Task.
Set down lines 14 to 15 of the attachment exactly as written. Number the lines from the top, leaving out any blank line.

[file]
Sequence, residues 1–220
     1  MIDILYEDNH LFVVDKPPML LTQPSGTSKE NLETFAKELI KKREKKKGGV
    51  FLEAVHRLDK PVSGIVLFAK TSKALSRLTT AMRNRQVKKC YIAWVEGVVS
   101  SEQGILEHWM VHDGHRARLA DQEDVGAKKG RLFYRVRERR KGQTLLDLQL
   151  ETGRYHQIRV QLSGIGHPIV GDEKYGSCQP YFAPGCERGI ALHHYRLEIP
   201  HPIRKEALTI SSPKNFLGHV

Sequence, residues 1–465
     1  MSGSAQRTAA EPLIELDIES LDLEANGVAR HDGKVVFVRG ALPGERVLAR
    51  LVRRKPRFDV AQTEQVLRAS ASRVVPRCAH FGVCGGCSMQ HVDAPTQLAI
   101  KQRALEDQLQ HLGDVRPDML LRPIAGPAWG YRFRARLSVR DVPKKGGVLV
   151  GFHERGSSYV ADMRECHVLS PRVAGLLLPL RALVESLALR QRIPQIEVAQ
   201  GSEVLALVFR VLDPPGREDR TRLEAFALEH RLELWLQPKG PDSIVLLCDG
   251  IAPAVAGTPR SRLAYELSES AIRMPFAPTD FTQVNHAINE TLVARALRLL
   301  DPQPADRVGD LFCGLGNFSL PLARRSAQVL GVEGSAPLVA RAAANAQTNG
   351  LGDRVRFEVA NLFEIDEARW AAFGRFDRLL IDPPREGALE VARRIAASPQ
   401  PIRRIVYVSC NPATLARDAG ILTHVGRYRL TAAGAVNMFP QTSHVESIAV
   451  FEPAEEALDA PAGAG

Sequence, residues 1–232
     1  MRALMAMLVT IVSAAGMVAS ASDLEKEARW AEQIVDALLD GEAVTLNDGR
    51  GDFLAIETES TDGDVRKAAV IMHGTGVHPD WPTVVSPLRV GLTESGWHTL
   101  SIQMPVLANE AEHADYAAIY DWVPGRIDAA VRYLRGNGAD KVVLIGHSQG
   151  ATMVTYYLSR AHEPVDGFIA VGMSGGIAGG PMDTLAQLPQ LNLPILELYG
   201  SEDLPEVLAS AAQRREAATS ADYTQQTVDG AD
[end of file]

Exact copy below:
   301  DPQPADRVGD LFCGLGNFSL PLARRSAQVL GVEGSAPLVA RAAANAQTNG
   351  LGDRVRFEVA NLFEIDEARW AAFGRFDRLL IDPPREGALE VARRIAASPQ